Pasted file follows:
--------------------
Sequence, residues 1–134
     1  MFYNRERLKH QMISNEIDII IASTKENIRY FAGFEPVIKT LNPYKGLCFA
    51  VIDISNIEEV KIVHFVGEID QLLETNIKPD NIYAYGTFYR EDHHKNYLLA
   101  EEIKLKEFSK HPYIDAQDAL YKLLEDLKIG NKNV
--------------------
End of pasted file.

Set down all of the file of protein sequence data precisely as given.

Sequence, residues 1–134
     1  MFYNRERLKH QMISNEIDII IASTKENIRY FAGFEPVIKT LNPYKGLCFA
    51  VIDISNIEEV KIVHFVGEID QLLETNIKPD NIYAYGTFYR EDHHKNYLLA
   101  EEIKLKEFSK HPYIDAQDAL YKLLEDLKIG NKNV